A summary of the examples can be viewed on Togetter. You can check out the latest tweets from the official Stack-chan hashtag on Twitter, so please take a look. What would you do with Stack-chan? If you're interested, try making one!
11/06/2021 at 16:20 •
namako (@KantenNamako) is an Professional Engineer in Biotechnology and Bio-engineering; Ph.D. in Biology. He loves Robotics, animals, especially for birds.
He first noticed the eye-catching movement of Stack-chan. He used Stack-chan as a display to show the values of sensors, in a booth for teaching about sensing at "Chiba science festa". Stack-chan was so effective in attracting visitors that he was able to keep the children occupied until the end of his explanation.
Stack-chan is equipped with a single I2C Grove port, but it is possible to connect multiple sensors by using an I2C hub unit like this.
As simple as Stack-chan itself is, it can be equipped with additional sensors and gimmicks for various kinds of play. The work below combines a 3D printed rubber band gun with Stack-chan.
This super-cool robot makes a "blam!" sound and flash as the rubber bands are fired. All these effects is written in UIFlow, M5Stack's visual programming platform.
Full Armor Stack-chan...shortened to Full Stack-chan ;)
He is also developing a wing unit to be attached to the Stack-chan.
And the owl face. He plans to make Stack-chan into a smart bird robot.
He is using Stack-chan in this way to develop a learning platform robot for kids. He plans to show it off at a science event next year. Can't wait to see what it turns out to be!
11/05/2021 at 08:07 •
hirot78 (@hirot78) is an IT infrastructure consultant who specializes in cloud computing. He was also one of the first makers to try out Stack-chan.
...Six of them! Even I, the original creator, have never made that many Stack-chans at once. He used my documentation as a reference to assemble and mount the parts himself, and successfully built all six.
The firmware was not yet SG-90 compatible, but he implemented the SG-90 driver on his own.
There are several variations of the M5Stack module. He scrounged up all the M5Stacks in the house to complete his robot, which included versions of M5Stack Basic, M5Stack Gray, and M5GO. I am happy to see all versions working.
His 4 year old son also held one of these devices and played with it until the batteries ran out.
This video is from a Stack-chan meeting.
See there is one robot whose servos are vibrating in small increments? He describes this child as having "unique movements", which may be a result of the fact that he built it with his own hands and became more attached to it than a ready-made robot.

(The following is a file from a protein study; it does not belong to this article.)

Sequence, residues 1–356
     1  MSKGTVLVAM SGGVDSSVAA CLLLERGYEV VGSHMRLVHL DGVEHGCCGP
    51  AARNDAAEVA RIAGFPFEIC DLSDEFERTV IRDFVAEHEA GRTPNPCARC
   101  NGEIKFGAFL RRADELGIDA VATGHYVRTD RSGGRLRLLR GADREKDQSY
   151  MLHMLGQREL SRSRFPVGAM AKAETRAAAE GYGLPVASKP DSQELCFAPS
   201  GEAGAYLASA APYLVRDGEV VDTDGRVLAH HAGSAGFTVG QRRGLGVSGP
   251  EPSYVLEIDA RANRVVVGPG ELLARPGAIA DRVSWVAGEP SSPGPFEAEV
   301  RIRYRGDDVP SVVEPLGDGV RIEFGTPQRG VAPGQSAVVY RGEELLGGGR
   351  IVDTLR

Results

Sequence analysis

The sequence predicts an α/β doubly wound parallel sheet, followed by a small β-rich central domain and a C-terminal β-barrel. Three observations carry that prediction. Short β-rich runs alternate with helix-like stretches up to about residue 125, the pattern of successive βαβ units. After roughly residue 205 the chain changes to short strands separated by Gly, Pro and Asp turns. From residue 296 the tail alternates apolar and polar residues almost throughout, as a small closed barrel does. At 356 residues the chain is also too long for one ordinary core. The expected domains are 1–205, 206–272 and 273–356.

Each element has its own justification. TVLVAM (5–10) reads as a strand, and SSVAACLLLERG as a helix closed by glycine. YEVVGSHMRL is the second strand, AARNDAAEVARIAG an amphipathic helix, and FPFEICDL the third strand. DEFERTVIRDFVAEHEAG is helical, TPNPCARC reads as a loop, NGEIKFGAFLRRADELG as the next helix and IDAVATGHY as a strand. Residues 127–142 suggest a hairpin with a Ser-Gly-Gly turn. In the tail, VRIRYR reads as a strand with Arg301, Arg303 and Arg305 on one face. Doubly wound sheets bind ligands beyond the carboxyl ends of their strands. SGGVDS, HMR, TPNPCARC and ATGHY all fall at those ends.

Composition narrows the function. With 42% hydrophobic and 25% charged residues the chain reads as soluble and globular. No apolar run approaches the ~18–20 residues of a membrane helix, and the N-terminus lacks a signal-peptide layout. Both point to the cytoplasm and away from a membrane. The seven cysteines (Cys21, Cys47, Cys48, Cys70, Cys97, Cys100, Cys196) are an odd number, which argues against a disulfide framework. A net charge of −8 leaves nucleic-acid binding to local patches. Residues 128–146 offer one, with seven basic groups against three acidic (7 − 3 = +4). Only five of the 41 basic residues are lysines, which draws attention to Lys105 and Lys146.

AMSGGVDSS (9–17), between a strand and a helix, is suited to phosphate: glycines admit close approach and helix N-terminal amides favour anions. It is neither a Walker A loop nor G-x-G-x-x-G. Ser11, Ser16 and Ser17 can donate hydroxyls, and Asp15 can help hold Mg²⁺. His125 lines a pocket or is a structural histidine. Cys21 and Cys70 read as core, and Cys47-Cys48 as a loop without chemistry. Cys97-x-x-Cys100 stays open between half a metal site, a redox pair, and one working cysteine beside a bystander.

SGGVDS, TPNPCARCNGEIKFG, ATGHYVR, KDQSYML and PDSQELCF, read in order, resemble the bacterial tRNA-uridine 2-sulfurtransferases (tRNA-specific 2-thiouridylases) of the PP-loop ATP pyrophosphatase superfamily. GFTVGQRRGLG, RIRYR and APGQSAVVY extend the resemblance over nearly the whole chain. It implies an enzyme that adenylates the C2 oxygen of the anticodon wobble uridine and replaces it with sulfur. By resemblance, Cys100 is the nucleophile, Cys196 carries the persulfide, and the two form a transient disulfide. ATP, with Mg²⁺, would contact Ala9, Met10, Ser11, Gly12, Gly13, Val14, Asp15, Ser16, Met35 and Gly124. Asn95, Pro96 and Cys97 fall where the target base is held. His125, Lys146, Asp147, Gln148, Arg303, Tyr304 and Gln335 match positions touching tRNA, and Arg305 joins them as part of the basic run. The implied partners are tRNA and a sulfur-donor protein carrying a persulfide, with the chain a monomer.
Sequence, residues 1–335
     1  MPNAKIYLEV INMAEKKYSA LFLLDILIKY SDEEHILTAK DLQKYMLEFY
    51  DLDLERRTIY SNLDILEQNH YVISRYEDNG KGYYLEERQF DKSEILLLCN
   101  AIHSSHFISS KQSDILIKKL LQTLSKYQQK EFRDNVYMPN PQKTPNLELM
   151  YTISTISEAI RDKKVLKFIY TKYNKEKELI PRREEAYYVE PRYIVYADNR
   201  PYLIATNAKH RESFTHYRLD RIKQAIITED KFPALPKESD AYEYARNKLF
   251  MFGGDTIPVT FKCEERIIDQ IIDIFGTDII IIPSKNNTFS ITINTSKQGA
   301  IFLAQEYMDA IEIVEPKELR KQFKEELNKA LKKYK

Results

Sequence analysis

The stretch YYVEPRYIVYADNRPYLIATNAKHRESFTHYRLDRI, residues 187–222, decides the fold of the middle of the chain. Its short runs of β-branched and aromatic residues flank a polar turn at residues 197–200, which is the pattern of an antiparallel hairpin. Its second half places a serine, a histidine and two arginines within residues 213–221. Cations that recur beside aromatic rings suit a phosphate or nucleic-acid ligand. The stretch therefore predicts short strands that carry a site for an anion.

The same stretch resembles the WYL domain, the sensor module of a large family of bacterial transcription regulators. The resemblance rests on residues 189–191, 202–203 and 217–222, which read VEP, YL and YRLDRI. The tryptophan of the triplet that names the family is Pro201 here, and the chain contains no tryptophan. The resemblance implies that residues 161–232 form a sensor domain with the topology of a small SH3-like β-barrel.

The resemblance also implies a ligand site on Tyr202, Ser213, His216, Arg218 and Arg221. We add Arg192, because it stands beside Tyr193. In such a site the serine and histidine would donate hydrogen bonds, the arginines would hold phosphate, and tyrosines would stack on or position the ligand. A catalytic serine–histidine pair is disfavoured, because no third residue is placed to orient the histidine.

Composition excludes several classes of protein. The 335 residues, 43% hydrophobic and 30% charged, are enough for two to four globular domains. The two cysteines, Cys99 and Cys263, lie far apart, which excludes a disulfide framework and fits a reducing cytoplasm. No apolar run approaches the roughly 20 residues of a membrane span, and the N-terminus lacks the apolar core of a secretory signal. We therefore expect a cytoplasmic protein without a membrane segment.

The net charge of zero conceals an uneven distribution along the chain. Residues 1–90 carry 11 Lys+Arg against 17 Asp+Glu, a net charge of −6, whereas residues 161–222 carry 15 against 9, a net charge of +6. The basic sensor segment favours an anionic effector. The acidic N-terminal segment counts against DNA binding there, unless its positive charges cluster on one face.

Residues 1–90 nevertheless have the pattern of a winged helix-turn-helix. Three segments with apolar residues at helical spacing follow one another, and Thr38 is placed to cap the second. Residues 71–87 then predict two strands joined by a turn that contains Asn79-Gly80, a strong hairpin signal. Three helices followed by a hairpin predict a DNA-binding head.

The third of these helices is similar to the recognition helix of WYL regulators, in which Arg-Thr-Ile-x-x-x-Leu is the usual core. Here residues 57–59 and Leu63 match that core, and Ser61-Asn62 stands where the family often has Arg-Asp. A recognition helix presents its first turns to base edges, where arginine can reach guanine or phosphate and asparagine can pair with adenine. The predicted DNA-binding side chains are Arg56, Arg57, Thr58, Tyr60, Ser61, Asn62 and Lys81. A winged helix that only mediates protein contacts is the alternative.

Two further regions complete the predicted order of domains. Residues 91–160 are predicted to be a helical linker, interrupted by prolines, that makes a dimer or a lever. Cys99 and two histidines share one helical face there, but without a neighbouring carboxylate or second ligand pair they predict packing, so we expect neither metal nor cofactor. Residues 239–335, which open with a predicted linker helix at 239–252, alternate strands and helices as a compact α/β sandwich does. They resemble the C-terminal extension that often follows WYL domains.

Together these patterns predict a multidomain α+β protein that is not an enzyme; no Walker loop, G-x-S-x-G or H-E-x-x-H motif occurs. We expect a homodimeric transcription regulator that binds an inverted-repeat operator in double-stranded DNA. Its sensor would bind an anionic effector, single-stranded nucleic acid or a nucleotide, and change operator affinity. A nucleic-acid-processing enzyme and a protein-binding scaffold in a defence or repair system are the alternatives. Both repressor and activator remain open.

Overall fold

11/05/2021 at 05:41 •
Nochi (@shikarunochi) is one of the biggest fans of M5Stack, and is also known as a lover of very small retro PC figures.
After he made his first Stack-chan, he decided to take on an additional challenge. That is "Stack-chan in miniature".
Is it really possible to make a miniature version of Stack-chan? Even Stack-chan itself is only about 50mm cubic? The answer is yes! That's what this "Stamp-chan" is all about.
Stick on a sticker that resembles the M5Stack's control panel and... tada!!
Stamp-chan is driven by a small ESP32-PICO-D4 based module "M5Stamp" instead of M5Stack.
Smaller alternatives are also used for the servo motor and display, respectively.
Nochi's series of tweets shows his effort to make the exterior as small as possible.
Since I published Stack-chan, there has been a small movement in the Japanese Maker community to make small, cute, tabletop-sized robots. Some of them use other modules in the M5Stack series, such as M5Stamp and M5ATOM, and some others use other modules with displays, such as WioTerminal and even micro:bit. Check out myStack-chan tweet list for more inspired work!
11/04/2021 at 01:16 •
When I built the first version of the Stack-chan board, I wired the pins for small hobby servos driven by PWM, but since I was mainly using TTL serial servos, this support was only "just in case". The task of "developing a case and firmware to support PWM servos" was buried at the bottom of the backlog.
He was one of the first to modify my case and make an SG-90 version of the stackchan. He then submitted a pull request to my repository. (I found out later that this was his first pull request! I'm glad I could contribute to his great contribution to OSS.)
Since SG-90 servo motors are readily available and inexpensive, many other makers today use his case to build their Stack-chans.
He also gave me feedback on improving the board. The SG-90 does not have built-in speed control like serial servos, and it has a large peak current when changing angles rapidly. Therefore, the voltage drop sometimes caused the M5Stack to lose power. This voltage drop can be mitigated by connecting the battery to the 5V line via a diode.
After this, he created many applications using the SG-90 version of Stack-chan.
He created a "discomfort index meter" on the Stack-chan to cope with the hot Japanese summer. He demonstrated the use case of Stack-chan as a small indicator.
He also incorporated the Stack-chan into a quadruped robot. Since Stack-chan has a pan-tilt movement, it is also ideal for use cases in robot faces.
Last but not least, knowingly or unknowingly of the recent Stack-chan movement, M5Stack is also working on a small bipedal robot kit. Ahead of that, He is developing a robot that incorporates Stack-chan and adds our own bipedal capabilities.
Who will win the development race against the official M5Stack? We'll be keeping an eye on this one!